Reports: ND450673-ND4: Gas Phase Studies of Stable Carbenes and Triazoles

Jeehiun Katherine Lee, PhD, Rutgers, the State University of New Jersey (New Brunswick)

Since the discovery of "click chemistry" to synthesize substituted 1,2,3-triazoles via copper-catalyzed alkyne–azide 1,3-dipolar addition, these species have come to the forefront as important heterocycles in chemistry and biology.  However, fundamental studies on the properties of 1,2,3-triazoles are scarce. In this funding period, we studied benzotriazoles. Such species are important precursors to functionalized triazoles, as well as novel ligands for gold catalysts.


Having characterized the parent benzotriazole, we moved on this past year to a system that might be useful synthetically, 1-phenylbenzotriazoles. We were interested in characterizing a series of phenylbenzotriazoles with varying substitution, to assess the effect of that substitution on proton affinity.  Also, we were interested in whether substrate proton affinity and binding to gold would be related, in which case the proton affinity could be used as a guide for designing effective ligands for gold catalysts.  We examined the proton affinity of the parent 1-phenylbenzotriazole, as well as the 4'-nitro-, fluoro-, methyl-, and methoxy substituted derivatives, using both calculations and experiments.  Results are summarized in Table 1.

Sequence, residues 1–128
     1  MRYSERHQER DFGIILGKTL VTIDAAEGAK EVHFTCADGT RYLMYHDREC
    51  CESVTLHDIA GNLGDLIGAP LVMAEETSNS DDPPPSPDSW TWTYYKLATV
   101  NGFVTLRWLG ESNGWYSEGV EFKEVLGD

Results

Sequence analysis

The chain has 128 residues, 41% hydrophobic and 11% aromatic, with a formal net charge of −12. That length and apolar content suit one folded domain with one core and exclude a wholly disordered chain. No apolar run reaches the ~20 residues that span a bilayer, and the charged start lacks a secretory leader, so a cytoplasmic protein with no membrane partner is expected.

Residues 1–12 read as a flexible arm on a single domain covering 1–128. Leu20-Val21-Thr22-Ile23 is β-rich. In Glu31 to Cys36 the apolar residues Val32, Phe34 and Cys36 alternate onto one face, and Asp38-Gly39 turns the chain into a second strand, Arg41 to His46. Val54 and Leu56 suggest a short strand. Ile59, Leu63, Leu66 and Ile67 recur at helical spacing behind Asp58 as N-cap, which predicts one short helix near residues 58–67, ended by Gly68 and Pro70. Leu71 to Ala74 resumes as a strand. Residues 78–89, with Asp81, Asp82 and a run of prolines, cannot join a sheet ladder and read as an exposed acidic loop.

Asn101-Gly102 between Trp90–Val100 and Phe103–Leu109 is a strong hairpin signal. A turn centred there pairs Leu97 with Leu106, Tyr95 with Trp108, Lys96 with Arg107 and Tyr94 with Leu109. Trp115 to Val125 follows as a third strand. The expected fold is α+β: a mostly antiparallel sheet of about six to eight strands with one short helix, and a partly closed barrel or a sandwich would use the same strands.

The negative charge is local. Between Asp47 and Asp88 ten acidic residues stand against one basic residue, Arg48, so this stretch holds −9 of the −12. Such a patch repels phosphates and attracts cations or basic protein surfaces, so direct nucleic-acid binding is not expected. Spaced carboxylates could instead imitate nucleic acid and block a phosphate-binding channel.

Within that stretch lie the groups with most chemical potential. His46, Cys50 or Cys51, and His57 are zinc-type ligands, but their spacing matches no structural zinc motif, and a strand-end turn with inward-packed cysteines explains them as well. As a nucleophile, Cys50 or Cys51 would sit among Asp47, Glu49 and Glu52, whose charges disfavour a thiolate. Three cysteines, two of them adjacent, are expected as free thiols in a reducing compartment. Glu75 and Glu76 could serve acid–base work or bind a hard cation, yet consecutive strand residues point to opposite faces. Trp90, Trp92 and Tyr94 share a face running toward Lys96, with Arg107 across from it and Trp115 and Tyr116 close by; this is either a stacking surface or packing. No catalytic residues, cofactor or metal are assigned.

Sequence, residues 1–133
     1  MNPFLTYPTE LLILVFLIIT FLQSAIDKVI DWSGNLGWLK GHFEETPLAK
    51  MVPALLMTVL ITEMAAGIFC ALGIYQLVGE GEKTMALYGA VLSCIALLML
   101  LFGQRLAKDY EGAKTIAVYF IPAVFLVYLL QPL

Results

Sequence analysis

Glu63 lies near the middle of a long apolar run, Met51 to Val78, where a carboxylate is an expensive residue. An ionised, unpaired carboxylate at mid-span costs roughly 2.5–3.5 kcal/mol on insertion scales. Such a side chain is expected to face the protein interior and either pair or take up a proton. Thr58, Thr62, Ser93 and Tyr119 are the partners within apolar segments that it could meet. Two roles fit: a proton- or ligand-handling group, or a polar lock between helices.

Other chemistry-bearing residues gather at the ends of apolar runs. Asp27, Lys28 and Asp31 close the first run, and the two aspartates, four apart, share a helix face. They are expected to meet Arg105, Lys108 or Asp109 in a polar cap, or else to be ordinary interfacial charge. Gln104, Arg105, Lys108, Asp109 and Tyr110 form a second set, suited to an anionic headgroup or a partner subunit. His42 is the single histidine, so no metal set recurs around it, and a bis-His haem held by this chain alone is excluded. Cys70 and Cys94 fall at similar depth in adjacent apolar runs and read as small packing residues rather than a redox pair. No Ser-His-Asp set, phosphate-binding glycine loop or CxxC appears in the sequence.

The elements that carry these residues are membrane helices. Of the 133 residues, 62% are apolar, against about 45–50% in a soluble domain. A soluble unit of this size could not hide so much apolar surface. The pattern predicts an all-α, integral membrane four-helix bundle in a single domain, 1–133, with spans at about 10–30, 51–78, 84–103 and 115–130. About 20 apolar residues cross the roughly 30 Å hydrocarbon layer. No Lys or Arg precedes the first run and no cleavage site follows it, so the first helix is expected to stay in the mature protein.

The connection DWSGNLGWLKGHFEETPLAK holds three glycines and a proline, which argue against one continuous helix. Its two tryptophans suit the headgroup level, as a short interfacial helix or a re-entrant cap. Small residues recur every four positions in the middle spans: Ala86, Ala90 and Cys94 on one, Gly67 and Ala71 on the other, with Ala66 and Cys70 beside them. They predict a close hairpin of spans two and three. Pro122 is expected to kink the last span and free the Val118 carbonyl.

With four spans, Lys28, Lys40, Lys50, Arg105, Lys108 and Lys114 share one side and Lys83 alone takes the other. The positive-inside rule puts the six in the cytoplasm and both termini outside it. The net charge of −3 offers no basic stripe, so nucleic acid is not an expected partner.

Table 1. Calculated (B3LYP/6-31+G(d); 298 K) and experimental proton affinity data for 1-phenylbenzotriazoles, in kcal mol-1.


Calculated value

Experimental valuea
















aExperimental value is obtained by bracketing; error is ± 3 kcal mol-1.

We would ultimately like to be able to assess the utility of triazoles as ligands for transition metal catalysis. As a first step toward understanding the correlation (if any) between ligand basicity and catalyst efficacy, we conducted a study comparing our proton affinity data with triazole binding affinity data. 31P-NMR shifts for the binding of the 1-phenylbenzotriazoles to AuPPh3 in chloroform  were measured. A strong correlation between the triazole PA and the 31P-NMR shift was observed: as PA increases, so too does the chemical shift. These results show that gas phase proton affinity can be used as a predictor of ligand binding, which is useful for ligand design.  The NMR experiments are not nearly as simple to carry out as a gas phase PA calculation, so this correlation is potentially quite useful.